After the bride's tired nephew interrupted her vows, she asked her sister to leave the reception. She shared her story on Reddit and readers had a lot to say.

By Maressa Brown
May 20, 2021
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Every bride and groom have a certain vision for their wedding day, and for one newlywed on Reddit, writing under the handle r/Adorinina, the ideal ceremony and reception would have been childfree. "I like kids, just not at my wedding," she wrote.

An image of a bride on a colorful background.
Credit: Getty Images. Art: Jillian Sellers.

While "most people were fine" with the bride's request, and the wedding was announced a year in advance so people could find accommodations, the original poster (OP) was frustrated to learn that her sister, who also happened to be one of her bridesmaids, couldn't find child care for her 2- and 5-year-old boys. "She asked for them to be allowed at the wedding," wrote the OP. "I felt pressured, but she begged for them to come. I told her as long as they behaved and her husband kept an eye on them."

But on the big day, the 2-year-old "began to act up during the vows." "My husband and I wrote our own, and about halfway through mine, he begins to cry and fuss," wrote r/Adorinina. Her brother-in-law grabbed his son and "very awkwardly made his way out."

"I had to restart my vows twice due to the disruption, and I was already so nervous," recalled the OP. And because the venue was outside, she said they could hear her nephew "fussing for a while."

Fast-forward to following the ceremony, and the bride was upset that her sister "didn't even say anything, no apology, nada." "After the first dances, she finally came up and was like, 'Haha, sorry about [nephew], it was nap time! He's settled now,'" wrote the OP. "It was such a non-apology, and I was so upset."

The Redditor said she told her sister that she didn't like "how dismissive" she was of her wedding and how she broke her own rule to accommodate her family, and she didn't seem to care. "She said she was sorry again, but I was blowing things out of proportion and how it wasn't as big of a disruption as I was making it out to be," recalled r/Adorinina. "I was just boiling at this point and asked her to please go, I didn't want her there anymore."

Since then, the OP said she hasn't spoken to her sister and her family "seems to think" she's a bridezilla. Ultimately, she clarified that she's not mad at her nephew but at herself for breaking her childfree rule and for her sister, especially after her "non-apology."

The OP then turned it over to Reddit to ask if she was in the wrong.

Some were on her side like r/CZT1991 who said that the OP's sister was wrong for bringing her kids and making the bride feel pressured when she had already set boundaries and preferences for this exact situation. "She proceeds to give a pathetic attempt at an apology to save face but seems to be vaguely gaslighting you in the process, which is why I guess you ended up asking her to leave, because who does that on a day like that? At least fake through an apology and accept responsibility," wrote the Redditor.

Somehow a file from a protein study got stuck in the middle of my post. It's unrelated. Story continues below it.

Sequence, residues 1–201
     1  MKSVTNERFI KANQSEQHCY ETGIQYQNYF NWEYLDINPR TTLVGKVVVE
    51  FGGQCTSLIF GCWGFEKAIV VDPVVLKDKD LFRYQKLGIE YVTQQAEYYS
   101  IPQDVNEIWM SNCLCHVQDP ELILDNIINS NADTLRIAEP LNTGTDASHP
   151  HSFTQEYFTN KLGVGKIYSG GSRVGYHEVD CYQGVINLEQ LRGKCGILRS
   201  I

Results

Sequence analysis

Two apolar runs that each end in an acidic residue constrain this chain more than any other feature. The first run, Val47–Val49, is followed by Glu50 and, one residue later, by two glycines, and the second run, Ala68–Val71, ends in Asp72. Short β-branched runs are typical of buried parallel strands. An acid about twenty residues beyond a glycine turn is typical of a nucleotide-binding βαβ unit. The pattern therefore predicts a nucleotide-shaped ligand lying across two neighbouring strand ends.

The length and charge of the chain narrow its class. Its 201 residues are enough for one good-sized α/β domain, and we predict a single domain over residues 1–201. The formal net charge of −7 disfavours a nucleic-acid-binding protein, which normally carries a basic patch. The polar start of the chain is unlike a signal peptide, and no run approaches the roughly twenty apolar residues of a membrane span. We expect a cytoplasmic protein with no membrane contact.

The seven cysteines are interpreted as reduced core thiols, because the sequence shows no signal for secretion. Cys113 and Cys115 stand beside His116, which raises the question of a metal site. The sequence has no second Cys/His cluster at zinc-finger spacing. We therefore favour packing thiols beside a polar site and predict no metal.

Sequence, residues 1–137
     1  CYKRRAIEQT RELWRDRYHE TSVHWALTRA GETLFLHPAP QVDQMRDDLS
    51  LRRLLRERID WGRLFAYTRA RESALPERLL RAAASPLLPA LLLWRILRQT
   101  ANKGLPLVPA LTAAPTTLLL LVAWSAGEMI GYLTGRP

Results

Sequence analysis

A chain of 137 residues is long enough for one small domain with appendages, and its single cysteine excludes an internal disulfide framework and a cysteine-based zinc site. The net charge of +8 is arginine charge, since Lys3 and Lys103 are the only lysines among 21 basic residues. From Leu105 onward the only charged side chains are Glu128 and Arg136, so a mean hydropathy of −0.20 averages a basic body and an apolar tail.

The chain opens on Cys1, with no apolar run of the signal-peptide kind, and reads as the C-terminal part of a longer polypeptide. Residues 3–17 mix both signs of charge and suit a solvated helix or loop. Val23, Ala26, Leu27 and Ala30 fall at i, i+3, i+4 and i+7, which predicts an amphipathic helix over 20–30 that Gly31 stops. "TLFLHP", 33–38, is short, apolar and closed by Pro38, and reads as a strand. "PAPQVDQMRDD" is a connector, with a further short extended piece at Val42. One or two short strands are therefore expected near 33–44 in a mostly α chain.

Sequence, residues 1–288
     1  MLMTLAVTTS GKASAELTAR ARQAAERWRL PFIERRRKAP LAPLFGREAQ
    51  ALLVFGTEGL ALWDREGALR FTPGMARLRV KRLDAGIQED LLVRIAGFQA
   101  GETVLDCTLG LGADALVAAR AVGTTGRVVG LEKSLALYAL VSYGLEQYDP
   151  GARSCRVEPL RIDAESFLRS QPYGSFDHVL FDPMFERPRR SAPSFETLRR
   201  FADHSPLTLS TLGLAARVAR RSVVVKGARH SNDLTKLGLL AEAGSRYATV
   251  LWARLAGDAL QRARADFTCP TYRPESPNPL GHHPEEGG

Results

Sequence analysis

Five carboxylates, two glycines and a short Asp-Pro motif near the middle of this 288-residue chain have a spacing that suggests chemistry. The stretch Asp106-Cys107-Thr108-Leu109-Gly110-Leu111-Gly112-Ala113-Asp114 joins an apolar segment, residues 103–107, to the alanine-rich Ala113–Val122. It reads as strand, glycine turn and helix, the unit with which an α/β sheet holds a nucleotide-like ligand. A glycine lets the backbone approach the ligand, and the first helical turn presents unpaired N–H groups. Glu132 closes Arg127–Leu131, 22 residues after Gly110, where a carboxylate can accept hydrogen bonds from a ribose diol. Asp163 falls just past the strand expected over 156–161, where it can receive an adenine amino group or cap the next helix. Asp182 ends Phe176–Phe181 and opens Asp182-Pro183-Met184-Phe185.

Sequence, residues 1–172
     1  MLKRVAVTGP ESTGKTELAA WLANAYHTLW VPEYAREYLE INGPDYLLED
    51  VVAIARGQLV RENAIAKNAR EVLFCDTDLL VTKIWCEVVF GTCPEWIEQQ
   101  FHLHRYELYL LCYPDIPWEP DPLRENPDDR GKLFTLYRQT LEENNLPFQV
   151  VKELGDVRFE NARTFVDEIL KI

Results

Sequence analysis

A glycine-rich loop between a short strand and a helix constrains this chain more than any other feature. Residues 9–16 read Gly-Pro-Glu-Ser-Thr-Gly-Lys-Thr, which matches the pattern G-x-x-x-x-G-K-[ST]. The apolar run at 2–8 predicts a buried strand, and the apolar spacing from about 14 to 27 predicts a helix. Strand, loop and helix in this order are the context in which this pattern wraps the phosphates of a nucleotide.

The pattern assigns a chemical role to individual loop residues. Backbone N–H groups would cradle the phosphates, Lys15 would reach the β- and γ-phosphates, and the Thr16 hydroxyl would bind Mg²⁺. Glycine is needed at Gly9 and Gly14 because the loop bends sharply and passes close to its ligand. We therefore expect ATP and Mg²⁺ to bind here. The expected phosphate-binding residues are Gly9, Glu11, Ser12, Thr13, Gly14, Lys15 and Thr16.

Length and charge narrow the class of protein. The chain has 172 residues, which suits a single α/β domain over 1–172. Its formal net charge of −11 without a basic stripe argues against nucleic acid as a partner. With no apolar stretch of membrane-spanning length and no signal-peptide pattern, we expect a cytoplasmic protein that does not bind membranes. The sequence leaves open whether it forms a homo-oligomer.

But others had different views. r/Islanderrufus said the bride was an ass**, not for wanting a childfree wedding, but for not telling her sister that she couldn't come with her kids. They added, "What is it with people putting THIS much importance on ONE event?? There's always something that doesn't go as planned. Your marriage isn't going to succeed or fail based on waiting a minute before saying your vows."

r/iLaraJane agreed, writing, "The deed was done and kicking her out afterwards because you didn't like her apology was petty and mean."

Several people voted that everyone involved was at fault. r/increbelle pointed out, "You sister [sucks] for putting that last minute inconvenience on you. You made it clear what you wanted for your day and held everyone else to that standard, except for her. I'm giving you subtle ass**** vibes for going back on your own rule, then getting upset that it backfired, probably exactly how you imagined it would, with young kids disturbing the peace."

r/Original_Adventurous summed it up: "At the end of the day, you didn't want kids at your wedding, but you conceded, and I think you're more mad at yourself than sister and are finding tiny things she did for a reason to be mad while skirting around the actual issue. You didn't want kids there but you gave her permission, so it's either not anyone's fault or everyone sucks."

It seems the OP couldn't agree more, chiming in at another point in the thread, "I have a lot of trouble saying no. It keeps biting me on the butt."

Here's hoping this icky situation results in a lesson learned—and that the OP makes amends with her sister sooner rather than later.